Second, I think it’s important to keep aside some budget for testing new platforms and products. Nine of ten platforms will not deliver, but finding a new one that does will give you an advantage on your competitors.

Finally, study your math! Marketing needs to be based both on emotions and facts. The creative side needs to work hand in hand with the analytical one. And you need to be able to understand statistics to make an informed decision. Especially with the amount of data available today.

For you and your team, which is currently recognised as the larger challenge – MarTech integration or MarTech strategy?

I’d say strategy. As I said before, we don’t have a problem with integration, being a young company. But we have many things we want to do.

Then prioritisation becomes key to executing and delivering results.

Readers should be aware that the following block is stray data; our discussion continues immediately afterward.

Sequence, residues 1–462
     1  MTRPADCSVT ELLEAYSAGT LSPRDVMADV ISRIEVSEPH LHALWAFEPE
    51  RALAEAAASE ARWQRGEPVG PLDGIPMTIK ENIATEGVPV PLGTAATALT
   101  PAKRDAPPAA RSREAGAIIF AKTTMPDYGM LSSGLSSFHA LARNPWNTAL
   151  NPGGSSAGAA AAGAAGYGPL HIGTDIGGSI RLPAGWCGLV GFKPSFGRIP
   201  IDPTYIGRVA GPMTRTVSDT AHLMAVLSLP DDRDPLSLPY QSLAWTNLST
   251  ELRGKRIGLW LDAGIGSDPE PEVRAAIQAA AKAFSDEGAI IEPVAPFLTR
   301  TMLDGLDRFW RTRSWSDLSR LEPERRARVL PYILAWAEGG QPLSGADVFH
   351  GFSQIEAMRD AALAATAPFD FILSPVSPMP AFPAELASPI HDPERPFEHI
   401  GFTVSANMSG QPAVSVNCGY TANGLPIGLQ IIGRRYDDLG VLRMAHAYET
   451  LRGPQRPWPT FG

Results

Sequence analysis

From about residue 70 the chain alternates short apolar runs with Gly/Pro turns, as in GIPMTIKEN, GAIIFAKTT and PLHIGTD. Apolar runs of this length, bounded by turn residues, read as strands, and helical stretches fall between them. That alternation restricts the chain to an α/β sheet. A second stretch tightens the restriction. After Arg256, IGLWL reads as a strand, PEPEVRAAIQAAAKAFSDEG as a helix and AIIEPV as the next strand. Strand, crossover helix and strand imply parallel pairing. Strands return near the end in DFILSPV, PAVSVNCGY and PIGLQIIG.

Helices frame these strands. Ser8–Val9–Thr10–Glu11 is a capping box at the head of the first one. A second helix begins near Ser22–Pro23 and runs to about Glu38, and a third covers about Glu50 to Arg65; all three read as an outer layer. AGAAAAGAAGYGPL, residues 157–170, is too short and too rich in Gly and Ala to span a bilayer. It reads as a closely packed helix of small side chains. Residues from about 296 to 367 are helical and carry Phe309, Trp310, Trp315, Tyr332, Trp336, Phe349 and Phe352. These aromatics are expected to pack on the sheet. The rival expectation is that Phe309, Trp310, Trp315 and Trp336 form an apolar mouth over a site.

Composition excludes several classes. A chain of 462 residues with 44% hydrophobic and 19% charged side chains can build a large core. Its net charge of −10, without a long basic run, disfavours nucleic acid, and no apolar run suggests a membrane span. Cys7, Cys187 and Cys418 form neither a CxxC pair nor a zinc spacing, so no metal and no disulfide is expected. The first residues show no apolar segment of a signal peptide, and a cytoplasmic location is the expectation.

We make a list of the things we want to do, measure complexity, define priorities, and decide what to do first.

Have you mainly chosen to adopt established MarTech or have you also looked into the emerging opportunities? Which?

We tried both types. Usually, performance is relatively similar (except in unfortunate cases). The differentiators are integration and support.

Our two primary providers are Google and Salesforce. And WordPress for the content part of the website.

Which MarTech brands have you found have/are close to best meeting your expectations when it comes to customer experience? Let us know of any brands which have exceeded expectations.

We tried many, and the big guys didn’t disappoint (too much). Google and Salesforce have great tools that help us along the customer journey. We had a great experience with ActiveCampaign but decided to move to Marketing Cloud for integration reasons, not for platform issues.

What do you predict as being the top MarTech trends for 2020?

I think more and more marketers will start realising the importance of blocking bots and click farms.

Delivering real results beyond vanity metrics will become more of a theme.

And finding new ways to talk to customers while they increasingly use ad blockers and understand how to recognise sponsored content.